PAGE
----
Tiptronic Sticker Shock: 1990 Porsche 911 Targa – Sold?
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April 1, 2022, Update – We just confirmed the listing for this Porsche “Classifind” expired, so with no replacement found we’re assuming this ride “Sold?” While this one got away, please reach out either by email or call us directly if you’d like to be informed when we come across something similar.
Many of us still remember the days when there were actually “undesirable” Porsches. Loosely translated, you could still get into a 911 for reasonable money if you could stomach the thought of owning a 964-chassis model. As the saying goes, “The horse has left the barn” because cheap Porsches are nearly extinct. Affordable? Well, that’s going away too, as this 1990 Porsche 911 Carrera 2 Targa goes to show, as the seller is asking a heady $72,500 when they originally listed the car in March 2022 on Craigslist in Doylestown, New Jersey for a car equipped with a Tiptronic transmission. Comparing that price against the Hagerty Price Guide, however, shows us that the seller is not far off from the current price structures. A 964 in “Good” condition is valued at $70,000, while one in “Excellent” condition goes up to $85,000.
There is no question an air-cooled 911 is a fine automobile. The sounds, the styling, and certainly the driving experience are rightfully considered some of the best in the business found in a modern-era sports car. However, like every long-lived product line, there’s a pecking order. For years, the 964 was at the bottom of the list. The Carrera 4 in particular wasn’t exactly a car that owners felt compelled to preserve for a variety of reasons, including that the early days of the factory all-wheel-drive system certainly had its share of teething pains. Of course, the usual rules applied, which is that targas and automatic cars were the least desirable of all. So what happened that we now live in a world where Hagerty values a car like this 1990 model at $70,000? Some people will call it the Magnus Walker factor, that he bought up all the good remaining examples, but that seems like a stretch; more likely, we’re seeing evidence here of the very obvious Porsche bubble.
The MotorWeek Retro Review YouTube Channel features this vintage test drive of a then-new 1990 911 C2 Carerra:
“Bubble” is a big word these days and owners of cars that are believed to be part of an over-inflated price class will defend their asking prices to the death. The seller of this 911 comes across like any other typical car collector, except for the fact that he plays up the angle of limited-production numbers owing to the fact that most buyers didn’t want a car with Tiptronic. I get it: everyone is looking for an angle these days. And some cars that came standard with an automatic or were otherwise heavily biased towards automatic transmissions aren’t necessarily dinged for only having two pedals. The 911 isn’t one of those vehicles, as almost every 911 shopper looking at cars of a certain age wants one with a stick. The 911 featured here does present well with relatively low mileage, and the seller claims its cosmetics are in outstanding condition. While it may be a survivor-grade car, I pity the owner who forks over seventy large to own an automatic transmission-equipped 911 with a Targa roof.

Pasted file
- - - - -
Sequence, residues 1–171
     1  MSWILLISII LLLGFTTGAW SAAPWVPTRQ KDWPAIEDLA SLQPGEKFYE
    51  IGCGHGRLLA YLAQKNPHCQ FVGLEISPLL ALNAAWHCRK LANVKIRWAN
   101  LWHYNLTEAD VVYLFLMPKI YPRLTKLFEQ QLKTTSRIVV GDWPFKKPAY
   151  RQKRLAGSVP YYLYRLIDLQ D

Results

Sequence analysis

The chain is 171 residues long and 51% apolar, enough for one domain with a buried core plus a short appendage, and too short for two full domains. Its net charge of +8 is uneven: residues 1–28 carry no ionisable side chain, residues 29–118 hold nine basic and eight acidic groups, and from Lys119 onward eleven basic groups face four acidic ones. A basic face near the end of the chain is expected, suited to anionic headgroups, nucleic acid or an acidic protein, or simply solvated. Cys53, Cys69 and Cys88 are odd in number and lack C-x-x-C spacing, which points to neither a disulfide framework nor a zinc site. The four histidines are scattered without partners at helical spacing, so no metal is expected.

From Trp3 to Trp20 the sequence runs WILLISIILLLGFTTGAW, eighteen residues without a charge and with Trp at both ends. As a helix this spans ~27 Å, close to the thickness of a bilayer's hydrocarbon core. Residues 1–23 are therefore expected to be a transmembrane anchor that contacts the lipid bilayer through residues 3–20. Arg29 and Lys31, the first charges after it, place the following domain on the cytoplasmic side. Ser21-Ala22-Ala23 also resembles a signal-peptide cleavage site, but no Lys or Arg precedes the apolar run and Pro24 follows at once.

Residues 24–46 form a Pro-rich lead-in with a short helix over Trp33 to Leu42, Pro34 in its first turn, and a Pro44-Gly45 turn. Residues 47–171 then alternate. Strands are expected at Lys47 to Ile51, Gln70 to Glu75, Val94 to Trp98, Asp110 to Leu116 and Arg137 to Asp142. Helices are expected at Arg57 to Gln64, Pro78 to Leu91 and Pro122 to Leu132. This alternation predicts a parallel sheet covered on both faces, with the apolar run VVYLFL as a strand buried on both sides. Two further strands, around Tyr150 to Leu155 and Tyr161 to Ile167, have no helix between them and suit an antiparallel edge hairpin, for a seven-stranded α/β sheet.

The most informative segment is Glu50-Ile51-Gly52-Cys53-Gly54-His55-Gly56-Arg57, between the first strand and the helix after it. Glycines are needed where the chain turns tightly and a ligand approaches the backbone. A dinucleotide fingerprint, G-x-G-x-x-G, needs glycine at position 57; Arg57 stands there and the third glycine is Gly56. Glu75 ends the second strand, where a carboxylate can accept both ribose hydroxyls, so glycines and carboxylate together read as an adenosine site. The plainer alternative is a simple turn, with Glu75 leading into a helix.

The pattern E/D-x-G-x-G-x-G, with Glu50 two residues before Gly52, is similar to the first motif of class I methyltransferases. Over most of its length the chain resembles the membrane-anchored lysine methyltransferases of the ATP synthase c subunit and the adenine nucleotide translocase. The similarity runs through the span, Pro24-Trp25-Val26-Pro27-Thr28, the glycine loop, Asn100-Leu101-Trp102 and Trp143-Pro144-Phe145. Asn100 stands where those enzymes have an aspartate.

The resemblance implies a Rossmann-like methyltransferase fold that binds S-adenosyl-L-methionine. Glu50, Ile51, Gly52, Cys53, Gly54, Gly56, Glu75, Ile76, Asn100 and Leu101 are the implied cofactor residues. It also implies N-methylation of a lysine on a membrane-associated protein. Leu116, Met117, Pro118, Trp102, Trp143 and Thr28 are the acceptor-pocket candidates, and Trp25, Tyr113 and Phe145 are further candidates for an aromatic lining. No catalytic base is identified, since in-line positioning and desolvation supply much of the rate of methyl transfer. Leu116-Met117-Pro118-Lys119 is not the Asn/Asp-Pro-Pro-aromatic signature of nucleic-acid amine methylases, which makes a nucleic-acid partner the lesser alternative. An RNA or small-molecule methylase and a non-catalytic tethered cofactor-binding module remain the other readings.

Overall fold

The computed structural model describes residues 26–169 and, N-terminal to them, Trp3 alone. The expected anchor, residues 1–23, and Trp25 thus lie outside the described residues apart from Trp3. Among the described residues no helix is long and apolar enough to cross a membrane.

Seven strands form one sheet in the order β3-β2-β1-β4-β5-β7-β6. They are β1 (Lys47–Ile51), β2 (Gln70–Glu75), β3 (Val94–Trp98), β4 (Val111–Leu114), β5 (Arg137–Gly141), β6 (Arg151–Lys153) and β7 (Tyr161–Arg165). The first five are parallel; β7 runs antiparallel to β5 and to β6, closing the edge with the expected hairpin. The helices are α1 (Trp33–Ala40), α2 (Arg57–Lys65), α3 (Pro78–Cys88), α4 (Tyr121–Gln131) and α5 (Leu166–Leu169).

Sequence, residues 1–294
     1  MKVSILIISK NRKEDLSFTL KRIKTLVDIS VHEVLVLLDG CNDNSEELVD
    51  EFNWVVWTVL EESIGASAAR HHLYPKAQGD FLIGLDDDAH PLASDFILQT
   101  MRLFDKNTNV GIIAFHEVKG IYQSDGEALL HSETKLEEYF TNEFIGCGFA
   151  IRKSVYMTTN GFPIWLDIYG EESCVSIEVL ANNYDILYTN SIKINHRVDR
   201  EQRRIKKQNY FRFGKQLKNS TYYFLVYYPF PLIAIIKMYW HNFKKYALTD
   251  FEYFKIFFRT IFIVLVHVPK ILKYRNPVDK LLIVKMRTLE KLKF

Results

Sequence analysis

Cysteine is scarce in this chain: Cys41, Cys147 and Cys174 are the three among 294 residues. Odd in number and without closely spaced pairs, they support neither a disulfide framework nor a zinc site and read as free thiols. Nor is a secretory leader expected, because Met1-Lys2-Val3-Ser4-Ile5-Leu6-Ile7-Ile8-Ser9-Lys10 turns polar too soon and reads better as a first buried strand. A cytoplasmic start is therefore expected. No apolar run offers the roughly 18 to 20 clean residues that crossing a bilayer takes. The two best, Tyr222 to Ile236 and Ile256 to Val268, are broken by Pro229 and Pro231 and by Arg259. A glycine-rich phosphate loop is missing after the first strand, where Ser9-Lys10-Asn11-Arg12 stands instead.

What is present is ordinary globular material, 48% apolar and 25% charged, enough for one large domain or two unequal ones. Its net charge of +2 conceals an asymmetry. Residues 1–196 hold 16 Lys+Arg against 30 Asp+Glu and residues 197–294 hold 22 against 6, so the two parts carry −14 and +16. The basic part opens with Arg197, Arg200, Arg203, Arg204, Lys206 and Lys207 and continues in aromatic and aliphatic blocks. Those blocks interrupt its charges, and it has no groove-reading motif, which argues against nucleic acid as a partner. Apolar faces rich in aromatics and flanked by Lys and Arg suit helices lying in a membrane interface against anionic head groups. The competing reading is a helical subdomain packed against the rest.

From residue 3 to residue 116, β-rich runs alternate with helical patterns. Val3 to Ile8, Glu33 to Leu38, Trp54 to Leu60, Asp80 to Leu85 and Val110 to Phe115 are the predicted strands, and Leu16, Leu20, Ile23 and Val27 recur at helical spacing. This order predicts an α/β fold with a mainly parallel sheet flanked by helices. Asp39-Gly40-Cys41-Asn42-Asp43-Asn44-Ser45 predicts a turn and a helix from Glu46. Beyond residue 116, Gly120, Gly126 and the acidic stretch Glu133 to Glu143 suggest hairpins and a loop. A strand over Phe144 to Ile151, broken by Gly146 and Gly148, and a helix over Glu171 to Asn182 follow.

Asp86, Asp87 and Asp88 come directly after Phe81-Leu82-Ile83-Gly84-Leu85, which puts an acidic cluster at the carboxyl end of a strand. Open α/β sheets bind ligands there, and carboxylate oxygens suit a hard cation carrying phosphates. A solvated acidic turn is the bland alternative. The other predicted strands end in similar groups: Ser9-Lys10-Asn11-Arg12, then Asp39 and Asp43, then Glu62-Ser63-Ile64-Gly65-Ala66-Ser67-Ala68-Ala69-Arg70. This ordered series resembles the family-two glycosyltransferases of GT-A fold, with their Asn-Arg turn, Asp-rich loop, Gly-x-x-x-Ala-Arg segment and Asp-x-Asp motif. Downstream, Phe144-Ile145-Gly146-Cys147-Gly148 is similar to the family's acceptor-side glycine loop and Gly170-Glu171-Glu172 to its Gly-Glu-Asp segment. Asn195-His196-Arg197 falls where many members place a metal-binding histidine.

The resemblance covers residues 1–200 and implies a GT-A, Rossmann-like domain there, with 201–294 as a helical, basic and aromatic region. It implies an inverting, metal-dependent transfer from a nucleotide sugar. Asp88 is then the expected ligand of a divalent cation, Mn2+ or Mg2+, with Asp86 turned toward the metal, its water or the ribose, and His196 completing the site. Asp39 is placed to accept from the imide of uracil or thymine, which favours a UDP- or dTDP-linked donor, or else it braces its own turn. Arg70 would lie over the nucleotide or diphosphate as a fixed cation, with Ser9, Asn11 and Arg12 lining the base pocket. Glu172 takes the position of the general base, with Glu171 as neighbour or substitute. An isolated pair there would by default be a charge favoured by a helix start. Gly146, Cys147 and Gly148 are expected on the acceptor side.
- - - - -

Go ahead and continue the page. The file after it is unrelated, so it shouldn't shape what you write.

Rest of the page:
Here’s the seller’s description:
“Selling my 1990 911 Porsche 964 Targa Tiptronic with only 60,010 original miles. Only serviced at Holbert’s Porsche of Warrington, PA since new, Rare only 316 Targas produced for US market and less than 45 with Tiptronic transmission. All tools, books, and original window sticker included. Always garaged since new, Original paint that has been ceramic coated to preserve amazing condition. Collector, show quality. NOT restored !! One of a kind, $72,500.“
Playing the bubble: would you pay $70,000 for a 964 Targa with a Tiptronic transmission?